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sunday masses (only at st. mary's main church)

-6 PM (Saturday)
-8 AM
-11 AM

-2 PM

-5 PM

*Drive-Thru Confession is available Tuesday, Thursday, Saturday 4-5 PM*

*St. Mary's Church will be open Monday through Thursday 11 AM - 6 PM to visit and pray. Adoration of the Blessed Sacrament will begin at 5 PM, ending with benediction at around 5:50 PM. Click here for details and guidelines.*

*regular confession is suspended until further notice*

-FRI 8:30 AM
-SAT 4:30 PM

-SUN 2:00 PM

-MON & TUES 9:00 AM
-WED 5:30 - 6:30 PM

*regular adoration is suspended until further notice*

-THUR 8:30 - 9:30 AM (after Mass)
-1st THUR 8:30 AM - 7:15 PM

-WED 5:00 - 6:45 PM
-SUN 7:30 PM

fr. gray's column for jan 19

the shortest distance is between

My dad died January 10 after a very short illness. Just a week before, he had been diagnosed with stage IV adenocarcinoma and given between a week and a month to live. With many thanks to our parish staff, I was able to spend that week with him and my family as we prepared for his death.

Dad had a full life, and he had a good death. Truly, it was an honor to give him everything the Church can provide to someone who is dying. We must always pray for the grace of a good, provided death. This means asking God that when we die we have the opportunity to be accompanied by the Church through the sacraments and rituals available to those who are approaching this consummating moment. There are two parts to this: that we may have the priests and other helpers to be able to supply these rituals, and that we may have the time to be able to seek out these prayers and receive their graces.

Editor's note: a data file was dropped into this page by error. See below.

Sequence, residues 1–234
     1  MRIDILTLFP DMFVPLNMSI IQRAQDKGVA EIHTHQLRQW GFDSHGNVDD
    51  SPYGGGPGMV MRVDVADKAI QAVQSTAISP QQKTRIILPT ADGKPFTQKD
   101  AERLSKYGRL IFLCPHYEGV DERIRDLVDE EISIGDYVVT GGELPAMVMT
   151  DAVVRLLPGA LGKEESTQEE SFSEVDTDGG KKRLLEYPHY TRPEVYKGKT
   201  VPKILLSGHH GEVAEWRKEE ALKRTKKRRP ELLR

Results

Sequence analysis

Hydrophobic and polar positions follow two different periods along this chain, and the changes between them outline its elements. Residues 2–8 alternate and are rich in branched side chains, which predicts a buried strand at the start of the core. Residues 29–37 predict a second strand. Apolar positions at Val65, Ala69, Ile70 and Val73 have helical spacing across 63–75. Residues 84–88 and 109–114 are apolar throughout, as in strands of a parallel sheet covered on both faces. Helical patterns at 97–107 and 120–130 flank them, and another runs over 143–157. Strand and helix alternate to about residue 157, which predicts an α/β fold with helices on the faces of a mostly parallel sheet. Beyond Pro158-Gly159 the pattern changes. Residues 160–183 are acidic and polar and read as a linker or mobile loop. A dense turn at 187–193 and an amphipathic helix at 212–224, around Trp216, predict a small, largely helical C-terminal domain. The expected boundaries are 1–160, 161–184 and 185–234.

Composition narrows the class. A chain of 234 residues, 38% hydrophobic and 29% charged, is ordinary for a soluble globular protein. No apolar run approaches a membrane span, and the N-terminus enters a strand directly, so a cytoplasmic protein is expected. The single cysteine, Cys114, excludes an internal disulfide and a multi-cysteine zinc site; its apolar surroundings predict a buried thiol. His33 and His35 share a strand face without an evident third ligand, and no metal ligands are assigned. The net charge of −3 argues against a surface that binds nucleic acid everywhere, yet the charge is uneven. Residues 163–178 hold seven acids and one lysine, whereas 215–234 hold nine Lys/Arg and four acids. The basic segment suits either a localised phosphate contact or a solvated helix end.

Viaticum is the last Holy Communion that we receive. “Food for the journey,” it is an important part of the series of things which constitute a provided death, but it is not always possible, physiologically, to consume a Host, especially close to death. Every time we go to Communion, think of it as if it were the first time, the last time, or the only time. That is how special the Eucharist is, every time.

Viaticum requires the ability to swallow; the other parts of the preparation for death do not require anything of the person who is passing away. The Anointing of the Sick in its form for those who are dying is a beautiful and important part of the preparation for death, a sacrament, but does not require the participation of the one who receives it. Likewise, the

Apostolic Pardon—a plenary indulgence granted only to those who are near death— does not foresee any participation by the one who receives it, though the effect is tremendous. The Apostolic Pardon is a full pardon of all sins, all spiritual debts from those sins, and anything else that a soul has picked up along the way.

As the person dies, the Commendation of the Dying is a series of consoling scriptures and prayers, telling the dying person that they are allowed to leave this world, and that the life to come awaits them.

We must not be afraid of death, our own or of others. It is always sad, and hurts, but it is also one of the most important moments of our lives. As Catholics, we see our life in the faith as leading up to our life with God, one long preparation for heaven and eternal happiness in God’s loving embrace.

In Christ,

Fr. Christopher Gray, pastor
learn more about fr. gray read past columns